The GMC is pleased to announce that the ‘State of Maritime History Research’ conference, held in partnership with the Society for Nautical Research (SNR), was a resounding success.
On 9 September 2017, we welcomed over 70 delegates to the first maritime history conference hosted by the GMC, and the first national conference organised by the SNR. The SNR supports maritime history events in conjunction with other organisations, such as the New Researchers in Maritime History conference and the King’s Lecture series, co-sponsored with the British Commission for Maritime History. Although a half-day conference in Glasgow in 2010 to celebrate the SNR’s centenary developed into the Annual Scottish Maritime History Conference held with the University of Glasgow and Glasgow Museums, this was the first time they held a full one day event under their own flag. At the same time, the GMC wanted a conference for alumni of the former Greenwich Maritime Institute. Both organisations also sought to attract those who write maritime history but who don’t identify as maritime historians. This conference was the result.
With the theme of ‘The State of Maritime Research’, it was befitting that the first SNR Anderson Lifetime Achievement Award was presented to long-time member John Hattendorf, Professor Emeritus of Maritime History, U.S. Naval War College. Prof Hattendorf has for a long time been a keen observer and prolific writer on developments in naval and maritime history. In answer to the conference’s key question about the future of maritime history he answered in the affirmative. Maritime history is in a healthy state, with at least nine maritime history journals: ‘a field with so many active journals seems to be one that is vibrant’. He suggests there is ‘great future potential’, and to ‘Let’s all get to work and keep maritime history under-weigh with way on!’
The tone was set perfectly for the rest of the conference. Keynotes by our other master naval historians, Prof Eric Grove and Prof Richard Harding, also set the bar high by sharing their experiences with incorporating broad perspectives. Prof Grove regaled us with an ‘aha’ moment, which came from watching a programme on food history. This changed the way he interpreted the U-boat crisis of 1917. He advised that we can’t understand battles and war without seeing the bigger picture, such as the importance of logistics and food production.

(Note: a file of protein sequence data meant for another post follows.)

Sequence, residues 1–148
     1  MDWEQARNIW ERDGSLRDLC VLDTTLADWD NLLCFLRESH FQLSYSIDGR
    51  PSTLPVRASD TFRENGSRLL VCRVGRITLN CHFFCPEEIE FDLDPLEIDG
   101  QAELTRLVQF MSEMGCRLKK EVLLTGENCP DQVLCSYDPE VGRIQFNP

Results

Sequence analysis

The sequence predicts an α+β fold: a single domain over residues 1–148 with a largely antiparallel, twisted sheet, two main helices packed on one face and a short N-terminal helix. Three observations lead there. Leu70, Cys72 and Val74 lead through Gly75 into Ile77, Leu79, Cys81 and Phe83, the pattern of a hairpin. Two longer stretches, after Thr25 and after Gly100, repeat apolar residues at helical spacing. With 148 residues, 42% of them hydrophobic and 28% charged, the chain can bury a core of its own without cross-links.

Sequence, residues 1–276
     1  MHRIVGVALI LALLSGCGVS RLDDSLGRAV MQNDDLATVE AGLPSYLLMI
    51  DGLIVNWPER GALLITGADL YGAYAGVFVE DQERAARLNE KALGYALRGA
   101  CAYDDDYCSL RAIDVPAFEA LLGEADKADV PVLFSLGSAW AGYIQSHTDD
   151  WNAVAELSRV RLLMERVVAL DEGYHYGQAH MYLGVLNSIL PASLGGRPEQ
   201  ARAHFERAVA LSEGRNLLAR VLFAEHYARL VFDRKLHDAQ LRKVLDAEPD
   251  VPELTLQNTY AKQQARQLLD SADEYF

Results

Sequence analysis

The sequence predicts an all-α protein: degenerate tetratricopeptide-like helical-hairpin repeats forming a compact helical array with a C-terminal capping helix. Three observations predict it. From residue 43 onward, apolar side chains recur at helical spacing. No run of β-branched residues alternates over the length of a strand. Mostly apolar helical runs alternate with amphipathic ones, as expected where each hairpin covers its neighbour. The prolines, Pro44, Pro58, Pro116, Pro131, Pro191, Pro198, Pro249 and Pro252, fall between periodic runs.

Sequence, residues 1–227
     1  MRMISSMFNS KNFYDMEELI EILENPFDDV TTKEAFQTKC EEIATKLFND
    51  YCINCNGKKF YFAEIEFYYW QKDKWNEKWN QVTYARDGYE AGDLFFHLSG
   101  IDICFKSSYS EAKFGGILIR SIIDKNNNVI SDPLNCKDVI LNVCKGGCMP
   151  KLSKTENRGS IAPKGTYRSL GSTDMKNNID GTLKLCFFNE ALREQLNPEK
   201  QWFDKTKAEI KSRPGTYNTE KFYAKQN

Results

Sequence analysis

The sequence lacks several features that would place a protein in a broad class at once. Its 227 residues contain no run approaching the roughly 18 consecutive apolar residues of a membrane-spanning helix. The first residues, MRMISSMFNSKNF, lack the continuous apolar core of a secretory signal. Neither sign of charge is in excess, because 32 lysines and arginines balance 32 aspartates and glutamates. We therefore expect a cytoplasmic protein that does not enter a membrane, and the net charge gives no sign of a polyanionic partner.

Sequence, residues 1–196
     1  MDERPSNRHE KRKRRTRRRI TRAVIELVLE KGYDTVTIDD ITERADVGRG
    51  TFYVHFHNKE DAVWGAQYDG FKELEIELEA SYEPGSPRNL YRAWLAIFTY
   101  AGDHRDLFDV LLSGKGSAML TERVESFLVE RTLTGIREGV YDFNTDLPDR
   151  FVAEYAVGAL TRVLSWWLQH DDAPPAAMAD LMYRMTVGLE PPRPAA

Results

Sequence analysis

Prof Richard Harding, our last keynote of the day, had a similar message. Maritime history is robust and diverse, and yet offers even more opportunities for research. The field is multi-functional, multi-disciplinary; it helps us to understand the global condition and organizational problems. This is especially true when maritime history connects with other approaches, such as the social sciences. He emphasised as well, that the field’s strength lies in its breadth of practitioners—both professional and amateur. Indeed, our amateur researchers are our bedrock.
The papers presented at the conference supported the points made in all three keynotes. They were wide-ranging, and all offered exciting new avenues for research. Indeed, one of the themes of the conference was the importance of reaching out, to bring together academics, independent scholars, heritage organisations, museums, and the interested public. We all need each other.
All-in-all, the feedback for the conference was very positive, and the excitement was palpable. One delegate remarked on Twitter that “I had a great day, thanks for the kick start to my MA studies. Am one of the enthusiastic amateurs mentioned in round table!” It wasn’t long before the organisers heard the comments of ‘Let’s do this again!’
I think we all took away an appreciation for the vibrancy and positive future of maritime history. We really do have an embarrassment of riches considering the topics and methods we can choose from, and potential impact of our research. The field is in good hands.
If you didn’t get to attend, conference organiser JD Davies has written an engaging blog at https://jddavies.com/2017/09/11/a-very-palpable-hit-the-state-of-maritime-historical-research-conference-2017/ which describes individual papers. Tweets from the conference can be viewed by searching on #MarConf17 on Twitter. The SNR is also planning on publishing many of the papers in Topmasts, which will be available open-source online. Check out their website at https://snr.org.uk/.
One last comment—but a very important one: The organisers offer their gratitude to the University of Greenwich for hosting the conference, as well as to the Events team for all their help in set-up, registration, catering, and taking care of the delegates. We couldn’t have done it without you.